31 Jan : Updated 27 Nov ● 4 min read
Air conditioning units are becoming increasingly common and needed in UK homes as the summers get hotter and most homes are built to contain heat, rather than keep us cool. Before buying domestic air conditioning though, it’s important to consider its efficiency to avoid seeing your energy bills skyrocket along with your household’s carbon footprint.
EER, standing for Energy Efficiency Rating, measures the efficiency of an air conditioner in a property. A handy metric that families and businesses can use when considering having air conditioning installed, it allows you to shop around and find the most efficient unit for you that will save money long term.
The ratio looks at the cooling capacity of an air conditioning unit (in British thermal units, BTU per hour) compared to the power input of the unit (watts), to measure how much heat energy the unit can remove. It’s a ratio usually used for indoor, room air conditioners like split system air conditioning units.
Cooling energy is always measured in BTU, which stands for British thermal units, and power is measured in watts. BTU outlines how much heat energy the unit can remove from the air, hence this sums up its cooling capacity.
Essentially, the higher an air-con unit’s EER rating, the more efficient it is due to it having a higher cooling capacity per watt of power.
If EER is not provided when shopping for ai conditioning, you can easily calculate it yourself, all you need is the unit’s wattage and BTU values which you can usually get from the manufacturer if not provided by your potential supplier.
For an accurate and baseline EER calculation, the external temperature should be consistent at 35 degrees celsius, the external temperature should be 26 and the humidity levels should be at 50%. This way, EER’s across units can be compared fairly and reliably.
Although EER is a reliable and valuable way to determine the overall efficiency of an air conditioner for your home, you should be aware that the actual efficiency can vary due to various external factors like weather and humidity. The bigger the difference in temperature between indoors and outdoors, the harder your unit will have to work and the less efficient it will be able to run.
In countries where the climate changes drastically between seasons (like here in the UK), many manufacturers and suppliers will also use Seasonal Energy Efficiency Ratios (SEER). This is similar to EER but takes into account seasonal factors and air conditioning usage rather than rating a unit’s efficiency all year round.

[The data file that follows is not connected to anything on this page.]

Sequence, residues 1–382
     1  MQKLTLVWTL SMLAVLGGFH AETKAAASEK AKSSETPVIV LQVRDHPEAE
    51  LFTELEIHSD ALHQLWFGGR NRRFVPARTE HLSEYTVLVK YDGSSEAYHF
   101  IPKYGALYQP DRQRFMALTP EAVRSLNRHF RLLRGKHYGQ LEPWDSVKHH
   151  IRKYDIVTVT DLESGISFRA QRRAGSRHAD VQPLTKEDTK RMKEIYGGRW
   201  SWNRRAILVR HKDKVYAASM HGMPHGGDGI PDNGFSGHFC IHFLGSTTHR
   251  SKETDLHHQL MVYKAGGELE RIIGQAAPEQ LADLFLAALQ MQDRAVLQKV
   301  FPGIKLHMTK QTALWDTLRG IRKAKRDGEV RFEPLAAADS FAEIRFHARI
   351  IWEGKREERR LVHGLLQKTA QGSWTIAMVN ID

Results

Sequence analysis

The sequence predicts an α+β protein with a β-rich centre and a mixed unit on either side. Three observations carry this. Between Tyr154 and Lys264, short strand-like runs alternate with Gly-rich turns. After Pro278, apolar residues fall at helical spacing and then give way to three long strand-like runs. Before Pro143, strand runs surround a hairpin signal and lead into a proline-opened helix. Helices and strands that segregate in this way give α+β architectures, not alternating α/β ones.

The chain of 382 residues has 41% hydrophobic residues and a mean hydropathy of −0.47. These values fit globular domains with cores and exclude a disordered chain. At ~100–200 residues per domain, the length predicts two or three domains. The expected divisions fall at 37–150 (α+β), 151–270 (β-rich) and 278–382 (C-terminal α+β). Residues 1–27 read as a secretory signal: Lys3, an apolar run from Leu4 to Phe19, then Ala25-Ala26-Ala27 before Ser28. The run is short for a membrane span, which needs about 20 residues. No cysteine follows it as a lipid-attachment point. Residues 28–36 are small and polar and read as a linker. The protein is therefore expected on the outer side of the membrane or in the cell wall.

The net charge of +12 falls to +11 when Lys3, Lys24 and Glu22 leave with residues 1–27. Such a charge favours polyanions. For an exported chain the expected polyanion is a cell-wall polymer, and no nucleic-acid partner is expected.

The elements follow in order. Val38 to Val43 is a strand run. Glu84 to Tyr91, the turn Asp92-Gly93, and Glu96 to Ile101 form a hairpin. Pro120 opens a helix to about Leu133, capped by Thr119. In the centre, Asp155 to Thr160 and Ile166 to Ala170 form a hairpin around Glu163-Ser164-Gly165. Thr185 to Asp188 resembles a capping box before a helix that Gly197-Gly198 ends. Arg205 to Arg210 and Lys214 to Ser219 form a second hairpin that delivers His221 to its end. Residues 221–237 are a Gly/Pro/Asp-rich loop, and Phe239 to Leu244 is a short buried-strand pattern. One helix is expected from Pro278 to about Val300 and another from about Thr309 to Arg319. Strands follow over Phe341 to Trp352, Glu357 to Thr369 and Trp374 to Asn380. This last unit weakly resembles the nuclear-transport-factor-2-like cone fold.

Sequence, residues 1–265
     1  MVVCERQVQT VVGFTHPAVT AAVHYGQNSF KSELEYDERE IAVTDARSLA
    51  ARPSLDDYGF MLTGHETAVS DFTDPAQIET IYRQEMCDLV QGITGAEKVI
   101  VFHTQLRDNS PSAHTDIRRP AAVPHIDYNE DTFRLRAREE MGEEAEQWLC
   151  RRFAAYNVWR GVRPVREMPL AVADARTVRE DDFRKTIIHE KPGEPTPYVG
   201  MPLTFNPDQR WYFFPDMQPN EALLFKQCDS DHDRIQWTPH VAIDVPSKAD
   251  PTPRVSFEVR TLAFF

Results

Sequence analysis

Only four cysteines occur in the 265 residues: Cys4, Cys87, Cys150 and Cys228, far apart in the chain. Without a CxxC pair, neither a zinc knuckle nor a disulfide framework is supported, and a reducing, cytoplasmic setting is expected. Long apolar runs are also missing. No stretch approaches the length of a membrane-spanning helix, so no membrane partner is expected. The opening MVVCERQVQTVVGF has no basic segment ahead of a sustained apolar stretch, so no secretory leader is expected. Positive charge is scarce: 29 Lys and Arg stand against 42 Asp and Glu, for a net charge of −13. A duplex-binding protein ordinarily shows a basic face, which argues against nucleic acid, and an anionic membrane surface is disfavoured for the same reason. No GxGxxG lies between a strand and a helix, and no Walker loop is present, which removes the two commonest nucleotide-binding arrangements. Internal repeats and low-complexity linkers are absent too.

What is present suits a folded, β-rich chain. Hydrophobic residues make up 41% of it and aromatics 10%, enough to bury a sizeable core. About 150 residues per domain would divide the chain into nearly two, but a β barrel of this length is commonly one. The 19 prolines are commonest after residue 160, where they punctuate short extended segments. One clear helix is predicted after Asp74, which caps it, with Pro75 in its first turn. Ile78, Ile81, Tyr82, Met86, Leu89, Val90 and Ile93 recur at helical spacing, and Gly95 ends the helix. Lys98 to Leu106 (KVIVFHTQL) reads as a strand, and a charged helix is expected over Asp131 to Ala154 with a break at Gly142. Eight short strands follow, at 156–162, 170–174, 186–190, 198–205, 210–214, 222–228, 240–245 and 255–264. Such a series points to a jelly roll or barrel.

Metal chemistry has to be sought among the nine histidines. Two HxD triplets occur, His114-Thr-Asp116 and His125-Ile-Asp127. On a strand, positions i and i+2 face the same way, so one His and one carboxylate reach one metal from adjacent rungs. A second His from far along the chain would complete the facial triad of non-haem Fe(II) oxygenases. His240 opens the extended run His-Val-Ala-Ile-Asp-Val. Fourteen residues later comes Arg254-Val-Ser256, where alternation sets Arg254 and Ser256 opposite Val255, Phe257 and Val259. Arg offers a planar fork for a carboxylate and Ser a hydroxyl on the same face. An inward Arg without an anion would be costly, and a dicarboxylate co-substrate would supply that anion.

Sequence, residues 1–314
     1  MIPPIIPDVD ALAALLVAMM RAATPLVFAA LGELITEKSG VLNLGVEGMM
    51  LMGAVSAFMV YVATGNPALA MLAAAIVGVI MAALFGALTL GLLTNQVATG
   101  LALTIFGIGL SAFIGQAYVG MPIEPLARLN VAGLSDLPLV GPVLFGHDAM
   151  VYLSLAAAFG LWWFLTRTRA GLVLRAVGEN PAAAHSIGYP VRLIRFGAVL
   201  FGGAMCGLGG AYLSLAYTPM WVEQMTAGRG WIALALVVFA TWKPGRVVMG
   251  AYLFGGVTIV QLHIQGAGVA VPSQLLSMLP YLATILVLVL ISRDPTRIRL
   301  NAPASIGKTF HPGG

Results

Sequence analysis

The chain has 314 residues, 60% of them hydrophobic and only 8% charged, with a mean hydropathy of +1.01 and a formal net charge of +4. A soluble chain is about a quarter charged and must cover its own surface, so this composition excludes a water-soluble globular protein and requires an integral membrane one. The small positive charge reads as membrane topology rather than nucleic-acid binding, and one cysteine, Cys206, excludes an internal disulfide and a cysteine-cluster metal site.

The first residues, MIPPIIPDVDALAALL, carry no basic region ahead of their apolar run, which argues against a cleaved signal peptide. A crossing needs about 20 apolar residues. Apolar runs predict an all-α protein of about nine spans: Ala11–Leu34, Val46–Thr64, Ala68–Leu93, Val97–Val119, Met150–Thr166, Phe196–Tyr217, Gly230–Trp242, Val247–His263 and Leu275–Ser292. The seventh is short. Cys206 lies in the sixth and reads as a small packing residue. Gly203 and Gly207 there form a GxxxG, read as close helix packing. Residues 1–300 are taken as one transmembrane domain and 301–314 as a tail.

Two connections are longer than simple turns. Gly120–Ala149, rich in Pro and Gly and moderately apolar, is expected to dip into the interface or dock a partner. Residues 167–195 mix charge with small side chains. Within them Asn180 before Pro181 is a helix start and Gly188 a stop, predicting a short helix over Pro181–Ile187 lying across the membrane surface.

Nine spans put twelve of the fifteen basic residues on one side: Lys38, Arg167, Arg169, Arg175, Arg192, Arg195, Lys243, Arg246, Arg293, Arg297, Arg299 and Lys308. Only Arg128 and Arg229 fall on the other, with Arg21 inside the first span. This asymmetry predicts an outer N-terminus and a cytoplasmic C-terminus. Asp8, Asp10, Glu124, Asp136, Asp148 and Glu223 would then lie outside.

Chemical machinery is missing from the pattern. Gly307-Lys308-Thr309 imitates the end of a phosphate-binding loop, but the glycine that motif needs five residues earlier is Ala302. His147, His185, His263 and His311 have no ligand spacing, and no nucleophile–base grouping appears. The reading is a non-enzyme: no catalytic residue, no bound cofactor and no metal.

SEER is a lot more specific and granular by calculating the cooling capacity (BTU per hour) and power input (watts) but only throughout the key cooling period as opposed to all year, which for us in the UK would mean summer, albeit a very short one.
It’s hugely beneficial to shop for an air con unit using EER and SEER ratings rather than just going off their cooling capacity (BTU). For example, a unit may have a strong capacity to cool your home but if it uses little power to do so it can end up costing you tons in energy bills and will increase your carbon footprint which is not something you want.
Some of the benefits of prioritising EER when deciding which air conditioner to buy are:
Generally, an EER rating of 12 or over is classed as desirable, though when comparing multiple air conditioners, always aim to go for the highest rated unit within your budget. Many split system air conditioning units on the market now have EER’s above 12 too, making it easier for household’s to reduce their energy usage.
BOXT’s entire range of split system air conditioners is rated highly for energy efficiency, to take the stress out of your decision and ensure households across the UK are reducing their carbon footprint. We don’t stock any air conditioners that will end up costing you a fortune in energy bills. You can answer a few simple questions about your home to discover a range of units that are suited to your property type, size and requirements.
Have a good night every night with our fixed price air conditioning packages.Get your fixed price now